Today brings a new wave of energy, and I find myself changing my route for a more direct shot to the Oregon coast. It’s time to get out of these backcountry roads filled with tons of logging trucks and no shoulders. I’ve been in a rather negative mood about cycling in traffic since a couple of instances of cars seemingly playing a game of “how close can I pass this poor cyclist without hitting him.” If I am going to go out, I don’t want it to be exploring the interior of Washington’s logging industry roads… this is not the adventure I signed up for.
It’s been a few days since I’ve written, so let me bring you up to speed. My night in Port Townsend proved to be much needed in a way I didn’t realize. Human connection. I had been going a bit stir crazy cycling alone for several days. Normally, I would be able to enter a meditative sort of mental state, but that wasn’t possible due to the need to look out for cars constantly.
Lys, my host in Port Townsend, and I had a great conversation before I took off in the morning. She showed me her garden, how she composts, her food dehydrator, and jarring techniques. She rigged an old air pump to suck the air out of a PVC pipe that she then puts a jar full of whatever dehydrated food she is planning on saving. It seals the jar without any air, thus preserving the food indefinitely. She let me try some dried raspberries and mangoes… to die for! I want to have a fully self-sustaining home/property at some point in the future, so I love to learn about these topics from people practicing this lifestyle.
I set off in better spirits and reached another beautiful state campground to spend the night.
The next day, I crossed the ferry from Bainbridge to Seattle to go see my good friend Jay from college. I hadn’t seen him since 2018, and I was super excited to spend a couple of days catching up.
I witnessed his sense of community in the city, met his friends, and shared some laughs and meaningful conversations. Jay is the kind of guy that you can’t help but be happy for. He’s full of positive energy and constantly crushing life, diving deeper into the meaning of life deeper subjects like success, and focused on living as fully as he can. He constantly tells me how lucky he is to have found such a good group of people and community in Seattle, but I remind him that it’s him that brings about this contagious goodness wherever he goes.
This detour means a lot to me. I consider Jay one of my best friends, and words can’t do justice to how good it is to see him after so many years.
I left Seattle on the ferry towards Bremerton to reconnect with my original route south. I didn’t check the weather beforehand, but I left just in time for a massive wind and hail storm. After three different times of intense rain and a ridiculous amount of headwind, I make it to a state park, only to set up my tent before another hail storm. The winds just about rip my tent apart, and I run (yes literally) all of my things to a picnic building for a night of shelter. This part of the park was closed, but it saved my butt that night.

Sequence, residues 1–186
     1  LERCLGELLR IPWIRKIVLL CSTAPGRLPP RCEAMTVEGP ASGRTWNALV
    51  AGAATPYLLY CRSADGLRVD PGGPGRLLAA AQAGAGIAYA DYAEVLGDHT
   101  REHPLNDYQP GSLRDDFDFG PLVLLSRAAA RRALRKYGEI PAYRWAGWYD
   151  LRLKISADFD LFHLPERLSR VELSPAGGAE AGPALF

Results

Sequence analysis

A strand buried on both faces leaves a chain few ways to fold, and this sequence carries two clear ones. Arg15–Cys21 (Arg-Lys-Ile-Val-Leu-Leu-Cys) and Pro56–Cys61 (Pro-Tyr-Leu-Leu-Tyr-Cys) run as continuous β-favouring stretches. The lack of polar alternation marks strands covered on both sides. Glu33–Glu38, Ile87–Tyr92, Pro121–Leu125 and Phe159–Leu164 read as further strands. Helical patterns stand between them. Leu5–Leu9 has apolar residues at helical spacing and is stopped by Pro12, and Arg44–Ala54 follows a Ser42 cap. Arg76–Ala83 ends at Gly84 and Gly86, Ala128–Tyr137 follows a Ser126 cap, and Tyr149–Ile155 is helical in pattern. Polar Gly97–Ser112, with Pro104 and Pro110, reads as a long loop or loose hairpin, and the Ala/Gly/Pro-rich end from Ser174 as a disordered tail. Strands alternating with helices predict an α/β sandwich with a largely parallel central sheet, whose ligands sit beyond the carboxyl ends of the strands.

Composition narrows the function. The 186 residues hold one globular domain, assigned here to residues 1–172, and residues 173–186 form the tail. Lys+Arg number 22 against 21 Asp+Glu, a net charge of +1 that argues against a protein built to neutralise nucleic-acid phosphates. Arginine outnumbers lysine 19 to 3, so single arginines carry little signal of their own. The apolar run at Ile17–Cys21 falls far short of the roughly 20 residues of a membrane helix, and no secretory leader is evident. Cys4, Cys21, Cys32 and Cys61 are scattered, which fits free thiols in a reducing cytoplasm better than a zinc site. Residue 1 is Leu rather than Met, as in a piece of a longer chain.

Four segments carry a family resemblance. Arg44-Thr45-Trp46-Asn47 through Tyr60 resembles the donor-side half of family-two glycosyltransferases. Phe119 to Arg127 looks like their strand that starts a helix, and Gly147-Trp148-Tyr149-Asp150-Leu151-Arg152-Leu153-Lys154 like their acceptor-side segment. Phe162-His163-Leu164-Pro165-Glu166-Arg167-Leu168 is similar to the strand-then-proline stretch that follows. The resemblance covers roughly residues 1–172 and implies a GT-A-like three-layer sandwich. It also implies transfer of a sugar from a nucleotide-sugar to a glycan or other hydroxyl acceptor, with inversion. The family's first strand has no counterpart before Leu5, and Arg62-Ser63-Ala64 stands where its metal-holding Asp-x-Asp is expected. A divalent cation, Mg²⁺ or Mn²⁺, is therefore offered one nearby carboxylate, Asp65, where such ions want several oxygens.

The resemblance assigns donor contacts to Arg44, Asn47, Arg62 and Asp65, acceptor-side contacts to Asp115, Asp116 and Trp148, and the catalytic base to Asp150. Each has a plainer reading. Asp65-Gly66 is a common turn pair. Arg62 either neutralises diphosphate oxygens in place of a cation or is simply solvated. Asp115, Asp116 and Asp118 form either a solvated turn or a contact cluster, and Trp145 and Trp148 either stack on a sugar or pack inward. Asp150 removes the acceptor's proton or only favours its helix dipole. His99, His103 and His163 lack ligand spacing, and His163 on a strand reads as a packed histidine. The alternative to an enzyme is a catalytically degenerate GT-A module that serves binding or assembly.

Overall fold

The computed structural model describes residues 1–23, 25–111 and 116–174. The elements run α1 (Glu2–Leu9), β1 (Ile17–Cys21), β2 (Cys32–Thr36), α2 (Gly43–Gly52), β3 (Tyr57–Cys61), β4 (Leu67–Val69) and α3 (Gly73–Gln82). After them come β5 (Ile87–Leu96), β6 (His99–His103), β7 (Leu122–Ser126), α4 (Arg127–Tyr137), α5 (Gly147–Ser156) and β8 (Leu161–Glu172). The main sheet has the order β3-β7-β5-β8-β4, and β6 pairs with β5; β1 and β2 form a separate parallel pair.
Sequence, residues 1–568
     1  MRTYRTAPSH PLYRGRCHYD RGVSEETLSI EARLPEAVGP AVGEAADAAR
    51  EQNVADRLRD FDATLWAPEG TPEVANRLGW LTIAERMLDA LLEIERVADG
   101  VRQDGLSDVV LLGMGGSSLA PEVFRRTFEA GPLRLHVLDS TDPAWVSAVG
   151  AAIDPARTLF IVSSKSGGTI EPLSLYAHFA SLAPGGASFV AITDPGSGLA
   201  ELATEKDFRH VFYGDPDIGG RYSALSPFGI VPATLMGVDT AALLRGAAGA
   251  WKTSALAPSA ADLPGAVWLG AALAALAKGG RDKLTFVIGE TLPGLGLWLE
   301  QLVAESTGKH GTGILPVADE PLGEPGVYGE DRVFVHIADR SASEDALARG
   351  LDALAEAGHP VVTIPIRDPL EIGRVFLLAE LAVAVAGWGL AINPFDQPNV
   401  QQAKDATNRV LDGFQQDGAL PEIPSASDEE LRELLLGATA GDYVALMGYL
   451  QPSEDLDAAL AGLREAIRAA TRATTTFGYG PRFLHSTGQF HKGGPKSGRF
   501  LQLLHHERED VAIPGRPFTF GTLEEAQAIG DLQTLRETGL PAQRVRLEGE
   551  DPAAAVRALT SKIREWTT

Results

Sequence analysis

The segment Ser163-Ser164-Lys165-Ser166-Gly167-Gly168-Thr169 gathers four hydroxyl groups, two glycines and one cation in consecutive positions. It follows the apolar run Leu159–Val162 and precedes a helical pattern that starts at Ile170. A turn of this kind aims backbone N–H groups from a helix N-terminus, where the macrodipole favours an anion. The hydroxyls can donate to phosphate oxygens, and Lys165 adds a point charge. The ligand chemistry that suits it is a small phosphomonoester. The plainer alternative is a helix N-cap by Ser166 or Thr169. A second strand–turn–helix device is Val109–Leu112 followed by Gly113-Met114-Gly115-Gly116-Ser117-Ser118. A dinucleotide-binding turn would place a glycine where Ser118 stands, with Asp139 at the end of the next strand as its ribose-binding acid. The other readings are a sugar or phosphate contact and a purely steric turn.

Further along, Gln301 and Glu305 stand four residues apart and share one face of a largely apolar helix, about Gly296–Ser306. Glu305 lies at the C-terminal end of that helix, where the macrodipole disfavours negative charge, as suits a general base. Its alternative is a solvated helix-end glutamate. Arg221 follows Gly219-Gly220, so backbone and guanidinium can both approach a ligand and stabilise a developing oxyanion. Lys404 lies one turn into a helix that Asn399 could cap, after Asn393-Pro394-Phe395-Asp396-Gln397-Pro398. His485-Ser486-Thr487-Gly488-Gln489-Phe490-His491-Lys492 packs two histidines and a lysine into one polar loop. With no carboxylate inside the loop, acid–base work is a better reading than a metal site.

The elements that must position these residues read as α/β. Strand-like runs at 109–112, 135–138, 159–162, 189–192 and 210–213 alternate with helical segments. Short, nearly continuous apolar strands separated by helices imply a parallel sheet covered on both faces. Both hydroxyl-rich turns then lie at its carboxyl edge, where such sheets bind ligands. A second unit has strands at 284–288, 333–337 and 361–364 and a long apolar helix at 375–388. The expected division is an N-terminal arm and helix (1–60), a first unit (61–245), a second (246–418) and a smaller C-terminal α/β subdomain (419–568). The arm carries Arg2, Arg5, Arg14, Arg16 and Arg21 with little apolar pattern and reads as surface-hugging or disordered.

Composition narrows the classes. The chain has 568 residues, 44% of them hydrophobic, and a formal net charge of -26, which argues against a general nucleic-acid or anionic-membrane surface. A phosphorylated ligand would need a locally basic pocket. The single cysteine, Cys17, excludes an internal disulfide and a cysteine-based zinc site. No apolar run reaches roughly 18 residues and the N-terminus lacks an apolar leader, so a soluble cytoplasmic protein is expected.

The next day was just as brutal with the wind and the aggressive drivers. I barely make it the 80 km that I needed to reach Elma RV Park. I wasn’t excited about the prospect of sleeping in an RV park, but little did I know that this little gem would get me ready for making it to the coast of Oregon.
Luckily, I had found a Mexican restaurant and ordered a stupid amount of refried beans, rice, guacamole, tortillas, and chips. I left a couple of hours before sunset and arrived at Elma.
Dennis, the manager of the RV park, immediately offered me fresh-baked chocolate chip cookies when he saw me arrive on my bike. They had a beautiful little park to set up my tent, and everyone was so friendly. The bathrooms were ridiculously clean and the hot shower was 2 cents for 3 minutes… a great rate in my opinion! They even had wifi and a charging station. If you are reading this and planning a trip through Elma, definitely sleep here for a night. You won’t be disappointed!
Dennis advised me to cut my inland route short and get to the coast faster by taking Highway 101. I did the math, and it looked like it would save me 2 days. The next morning, another guy named Jerry walked over and told me that he has cycled both of the routes that I was considering. He informed me that I would be seeing the same backcountry logging roads and nothing new or memorable if I follow the original route with 4 more days inland before reaching the coast. He told me I should go for the 101 and I was sold! He gave me advice on a great grocery store in South Bend before reaching Bruceport Country Park.
That brings me to where I am now, Bruceport Country Park, overlooking the Willapa Bay as the sun sets. The park isn’t even open for some reason, but the camp hosts let me pitch my tent and get some water. I go crazy and cook two full cans of refried beans and pumpkin. I haven’t been this full in a long time. Another 80 km day… I earned it!
If all goes well tomorrow, I should cross the border into Oregon. I’m feeling re-energized and ready for more adventure!